• the manufacturer and, where applicable, the importer have complied with the MDR requirements
  • while a device is under their responsibility, storage or transport conditions do not jeopardize its compliance with the general safety and performance requirements set out in Annex I

The distributor must furthermore:

  • label the device with his contact details
  • take corrective action (among other things, undertake recalls and report to authorities) autonomously
  • engage in post-market surveillance (i.e., report complaints)

Consequently, the distributor also accepts significant additional regulatory burden, with the obligations to verify that (1) the product bears the required CE Marking of conformity and (2) the manufacturer and, where applicable, the importer have complied with the MDR requirements. Like with the importer, the distributor will have to demonstrate to the authorities that it has actively checked these points and is not relying on the other party’s representations and warranties.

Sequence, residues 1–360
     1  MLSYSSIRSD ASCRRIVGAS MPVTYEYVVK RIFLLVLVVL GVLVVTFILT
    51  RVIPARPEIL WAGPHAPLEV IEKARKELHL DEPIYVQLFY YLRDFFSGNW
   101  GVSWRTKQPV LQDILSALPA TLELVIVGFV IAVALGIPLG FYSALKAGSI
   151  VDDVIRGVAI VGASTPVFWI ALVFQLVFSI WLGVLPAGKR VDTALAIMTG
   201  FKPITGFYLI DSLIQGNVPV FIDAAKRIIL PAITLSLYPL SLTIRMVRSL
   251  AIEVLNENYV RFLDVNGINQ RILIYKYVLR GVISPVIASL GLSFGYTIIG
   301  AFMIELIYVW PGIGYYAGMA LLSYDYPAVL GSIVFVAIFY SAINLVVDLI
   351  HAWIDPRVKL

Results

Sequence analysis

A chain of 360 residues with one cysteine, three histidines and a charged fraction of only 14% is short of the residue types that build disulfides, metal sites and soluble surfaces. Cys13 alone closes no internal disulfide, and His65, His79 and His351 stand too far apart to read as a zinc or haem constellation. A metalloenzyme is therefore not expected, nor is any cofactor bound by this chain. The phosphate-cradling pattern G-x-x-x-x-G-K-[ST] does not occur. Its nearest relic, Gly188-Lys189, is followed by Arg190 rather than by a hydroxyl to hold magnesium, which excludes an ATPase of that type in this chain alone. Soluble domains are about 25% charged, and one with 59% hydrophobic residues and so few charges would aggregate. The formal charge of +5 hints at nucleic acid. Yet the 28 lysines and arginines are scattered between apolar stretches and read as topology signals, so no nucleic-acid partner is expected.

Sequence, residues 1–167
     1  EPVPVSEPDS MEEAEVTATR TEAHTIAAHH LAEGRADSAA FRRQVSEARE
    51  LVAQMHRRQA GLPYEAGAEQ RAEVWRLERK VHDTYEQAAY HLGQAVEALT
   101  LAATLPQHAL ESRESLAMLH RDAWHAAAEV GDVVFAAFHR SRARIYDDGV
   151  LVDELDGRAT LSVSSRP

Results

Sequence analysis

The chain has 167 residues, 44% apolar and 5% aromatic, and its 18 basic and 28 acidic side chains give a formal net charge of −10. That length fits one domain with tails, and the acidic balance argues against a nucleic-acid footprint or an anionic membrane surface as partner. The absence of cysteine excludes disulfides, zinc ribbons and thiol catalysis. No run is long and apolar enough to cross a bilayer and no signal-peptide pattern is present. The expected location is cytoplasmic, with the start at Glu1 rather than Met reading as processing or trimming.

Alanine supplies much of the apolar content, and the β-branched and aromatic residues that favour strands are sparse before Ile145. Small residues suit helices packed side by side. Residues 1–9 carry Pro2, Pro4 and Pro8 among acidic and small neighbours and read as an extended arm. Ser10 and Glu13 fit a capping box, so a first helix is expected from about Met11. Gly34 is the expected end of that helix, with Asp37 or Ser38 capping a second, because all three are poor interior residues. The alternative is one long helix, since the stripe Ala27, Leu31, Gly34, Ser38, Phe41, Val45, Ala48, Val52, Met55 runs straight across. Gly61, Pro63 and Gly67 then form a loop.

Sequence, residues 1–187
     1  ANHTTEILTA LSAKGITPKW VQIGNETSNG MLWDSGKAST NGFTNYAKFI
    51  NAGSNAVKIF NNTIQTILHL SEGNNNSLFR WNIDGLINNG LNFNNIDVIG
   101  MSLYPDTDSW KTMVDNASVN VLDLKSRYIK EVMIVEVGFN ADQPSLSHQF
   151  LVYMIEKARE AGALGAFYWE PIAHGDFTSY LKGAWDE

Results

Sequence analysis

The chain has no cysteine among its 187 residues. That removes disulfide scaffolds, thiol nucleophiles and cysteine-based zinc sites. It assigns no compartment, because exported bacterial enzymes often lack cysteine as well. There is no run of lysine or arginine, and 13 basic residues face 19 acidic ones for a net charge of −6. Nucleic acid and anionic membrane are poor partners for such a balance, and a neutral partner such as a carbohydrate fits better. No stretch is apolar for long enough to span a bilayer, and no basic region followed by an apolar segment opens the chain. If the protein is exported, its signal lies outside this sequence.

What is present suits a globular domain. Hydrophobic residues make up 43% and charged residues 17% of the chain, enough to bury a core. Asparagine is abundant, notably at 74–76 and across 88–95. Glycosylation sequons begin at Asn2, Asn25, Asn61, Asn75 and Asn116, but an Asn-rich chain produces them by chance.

An interesting new question is raised by the distributor and importer responsible for storage and transport “while a device is under its responsibility.”7 When is a device “under the responsibility” of the distributor or importer? If this refers to contractual responsibility, distributors and importers will have a strong incentive to limit the duration that they are responsible for a device or try to push out this responsibility as much as possible. Also, does transport include both transport to and from the importer’s or distributor’s warehouse? And what if the importer or distributor doesn’t have a warehouse, but has products delivered directly from the factory to the manufacturer? This provision is likely to cause a lot of confusion until the concept of “responsibility” is interpreted by the European Court of Justice.